Hoglan: Yeah. They made some choices, and I wasn't a part of their choices, so it was like, "OK. You've got the human drum machine playing for you, but you're going to [record an album] with a drum machine? OK. Bye." Like I was saying earlier, it's, like, I go where it's fun, and if it's fun, and I'm valued, and I feel like part of the team, great. And apparently I was so not even part of the team that I wasn't even told that "Oh, yeah, we recorded the record with the drum machine." I was waiting for a schedule; like, seriously, I waited. Waiting for, like, "Hey, when do you guys want to go to the studio?" Like, "Hey, I'm booked, I'm trying to get in touch with you guys to block time out." Everybody's asking me to come play on this project — "Come do this over here. When are you guys going to go in the studio?" — and they are, like, "Oh, we will let you know." Then I read on Blabbermouth the album is done, I'm, like, "OK, well, so am I. So you made your choice. Bye." How did you get involved in FEAR FACTORY in the first place ?

Hoglan: It was because of Byron from STRAPPING [YOUNG LAD]… …who is playing with 3 INCHES OF BLOOD nowadays.

Hoglan: Yeah. He asked me to be a part of it. Because I always said, the band knows this, I said, "I would never play for FEAR FACTORY. That's one band that I will never play for — ever, ever, ever." Byron asked — he's my brother — he's, like, "If you don't do this, we can't be a band." Will you do this? And I was, like, "For you, yes." And so I did it. Byron quit and so I was, like, "I don't want to be a part of this anymore." I didn't want to be a part of [it] in the first place. [We] made a killer record; you know, "Mechanize" is a good album. It's good for them. All I know is… I mean, I read stuff, and I see what people say about the latest record ["The Industrialist"]. They're, like, [saying] what a disappointment [and a] sinking ship this is... OK, you guys made it really obvious, You two guys [FEAR FACTORY guitarist Dino Cazares and singer Burton C. Bell] wanted all the money. It seems that FEAR FACTORY is not a real band anymore, but just a project of Dino and Burton.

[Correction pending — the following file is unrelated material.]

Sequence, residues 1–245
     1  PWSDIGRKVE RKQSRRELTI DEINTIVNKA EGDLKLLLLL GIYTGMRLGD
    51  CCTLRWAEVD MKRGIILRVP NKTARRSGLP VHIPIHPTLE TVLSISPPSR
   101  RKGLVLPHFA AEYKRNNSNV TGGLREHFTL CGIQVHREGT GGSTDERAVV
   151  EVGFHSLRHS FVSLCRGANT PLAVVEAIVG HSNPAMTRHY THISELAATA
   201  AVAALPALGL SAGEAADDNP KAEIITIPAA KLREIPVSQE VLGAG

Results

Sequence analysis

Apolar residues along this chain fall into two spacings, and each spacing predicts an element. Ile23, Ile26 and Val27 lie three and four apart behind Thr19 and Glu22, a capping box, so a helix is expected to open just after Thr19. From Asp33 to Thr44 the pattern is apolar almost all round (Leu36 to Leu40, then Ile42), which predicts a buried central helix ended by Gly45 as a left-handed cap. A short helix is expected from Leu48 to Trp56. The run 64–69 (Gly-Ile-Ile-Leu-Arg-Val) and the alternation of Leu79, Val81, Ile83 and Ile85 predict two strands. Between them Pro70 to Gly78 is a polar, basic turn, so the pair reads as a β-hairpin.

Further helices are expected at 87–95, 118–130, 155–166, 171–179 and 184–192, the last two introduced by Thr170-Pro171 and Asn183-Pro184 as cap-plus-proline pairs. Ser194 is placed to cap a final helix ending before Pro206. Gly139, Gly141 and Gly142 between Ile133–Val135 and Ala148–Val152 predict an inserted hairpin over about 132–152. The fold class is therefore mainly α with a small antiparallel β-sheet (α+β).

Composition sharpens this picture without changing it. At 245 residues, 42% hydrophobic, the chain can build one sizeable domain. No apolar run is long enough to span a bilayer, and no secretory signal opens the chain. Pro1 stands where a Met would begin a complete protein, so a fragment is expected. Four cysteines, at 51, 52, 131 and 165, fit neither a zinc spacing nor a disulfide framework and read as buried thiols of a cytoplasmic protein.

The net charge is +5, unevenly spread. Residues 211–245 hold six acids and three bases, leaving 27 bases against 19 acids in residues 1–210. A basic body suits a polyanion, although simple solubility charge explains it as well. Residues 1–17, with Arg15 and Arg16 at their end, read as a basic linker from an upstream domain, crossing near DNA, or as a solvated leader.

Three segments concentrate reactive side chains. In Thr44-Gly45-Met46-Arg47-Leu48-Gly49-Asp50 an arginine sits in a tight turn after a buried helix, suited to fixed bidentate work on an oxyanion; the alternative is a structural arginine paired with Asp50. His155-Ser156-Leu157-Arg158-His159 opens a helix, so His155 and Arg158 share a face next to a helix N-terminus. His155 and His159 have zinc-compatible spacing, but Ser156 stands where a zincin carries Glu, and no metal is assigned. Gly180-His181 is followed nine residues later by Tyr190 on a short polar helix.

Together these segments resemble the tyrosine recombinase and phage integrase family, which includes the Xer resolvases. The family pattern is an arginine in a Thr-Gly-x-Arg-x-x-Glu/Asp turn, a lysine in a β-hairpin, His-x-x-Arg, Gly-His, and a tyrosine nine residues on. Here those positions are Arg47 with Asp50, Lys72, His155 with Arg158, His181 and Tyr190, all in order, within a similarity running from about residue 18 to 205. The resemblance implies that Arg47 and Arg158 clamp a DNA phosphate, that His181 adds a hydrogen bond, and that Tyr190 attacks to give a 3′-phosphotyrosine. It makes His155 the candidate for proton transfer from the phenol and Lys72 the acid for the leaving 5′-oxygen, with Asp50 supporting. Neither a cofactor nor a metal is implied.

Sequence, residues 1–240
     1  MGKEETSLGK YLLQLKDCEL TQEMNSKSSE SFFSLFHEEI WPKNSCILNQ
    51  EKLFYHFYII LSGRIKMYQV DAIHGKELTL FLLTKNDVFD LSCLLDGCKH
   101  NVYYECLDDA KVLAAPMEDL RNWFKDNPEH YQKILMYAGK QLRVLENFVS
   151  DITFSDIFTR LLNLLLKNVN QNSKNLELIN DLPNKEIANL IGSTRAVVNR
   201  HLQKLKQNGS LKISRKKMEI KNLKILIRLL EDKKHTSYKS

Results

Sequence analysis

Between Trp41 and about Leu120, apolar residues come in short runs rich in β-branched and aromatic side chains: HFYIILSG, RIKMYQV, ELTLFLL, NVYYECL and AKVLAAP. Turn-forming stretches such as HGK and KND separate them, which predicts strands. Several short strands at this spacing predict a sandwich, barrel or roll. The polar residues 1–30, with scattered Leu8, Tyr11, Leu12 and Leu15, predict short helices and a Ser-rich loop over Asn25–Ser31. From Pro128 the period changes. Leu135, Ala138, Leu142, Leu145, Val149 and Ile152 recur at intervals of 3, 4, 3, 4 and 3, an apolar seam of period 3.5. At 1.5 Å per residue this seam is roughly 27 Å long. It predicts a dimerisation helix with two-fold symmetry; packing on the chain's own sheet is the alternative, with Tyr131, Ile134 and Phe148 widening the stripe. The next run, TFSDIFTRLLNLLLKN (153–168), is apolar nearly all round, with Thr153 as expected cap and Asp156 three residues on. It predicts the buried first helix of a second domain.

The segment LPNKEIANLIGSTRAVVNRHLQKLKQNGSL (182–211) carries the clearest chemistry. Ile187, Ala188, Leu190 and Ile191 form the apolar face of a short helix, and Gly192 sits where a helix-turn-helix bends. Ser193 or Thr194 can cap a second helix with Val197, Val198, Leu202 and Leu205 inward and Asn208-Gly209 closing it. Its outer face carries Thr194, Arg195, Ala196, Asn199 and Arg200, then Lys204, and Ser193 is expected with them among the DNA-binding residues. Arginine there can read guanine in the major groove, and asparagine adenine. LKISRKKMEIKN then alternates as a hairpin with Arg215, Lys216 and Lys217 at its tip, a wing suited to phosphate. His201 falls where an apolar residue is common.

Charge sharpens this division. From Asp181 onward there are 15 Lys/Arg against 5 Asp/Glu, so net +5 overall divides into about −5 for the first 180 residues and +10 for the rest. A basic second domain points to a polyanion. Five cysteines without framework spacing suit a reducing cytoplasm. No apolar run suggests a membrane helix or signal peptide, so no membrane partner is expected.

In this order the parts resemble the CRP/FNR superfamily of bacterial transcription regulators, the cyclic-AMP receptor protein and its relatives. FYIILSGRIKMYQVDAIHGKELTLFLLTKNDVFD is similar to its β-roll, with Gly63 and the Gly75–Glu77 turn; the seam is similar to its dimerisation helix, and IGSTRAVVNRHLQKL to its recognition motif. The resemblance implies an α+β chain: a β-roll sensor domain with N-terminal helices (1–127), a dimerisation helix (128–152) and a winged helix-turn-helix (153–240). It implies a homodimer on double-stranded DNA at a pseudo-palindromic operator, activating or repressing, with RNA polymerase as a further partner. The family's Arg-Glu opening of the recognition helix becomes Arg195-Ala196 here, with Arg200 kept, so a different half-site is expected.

Hoglan: Those guys are my friends still — they're still my buddies — but [their] business decisions were… I understand it's, like, there is not a lot of money there, and I don't come cheap, and I went cheap for them, but they knew that the next album, since I did that first one ["Mechanize"] super cheap and all the touring super cheap, that it wasn't going to be cheap anymore. They made the proper business decision for themselves, so they wouldn't be super broke, but I don't know… I think they've made it very apparent that… No offense intended, but it kind of looks like a sinking ship. I dig the guys that are playing for them — they're nice guys — but, you know, [they should] bury [their] differences with [former FEAR FACTORY guitarist/bassist] Christian [Olde Wolbers] and [drummer] Raymond [Herrera]. [They should] get those two guys back and [they'll] be on top of the game again. You know, that's all you've got to do. I'm sure that will never happen, because they've gone to court against each other and all that sort of stuff, but if you really want to have a future, that's the only way.

Read the entire interview at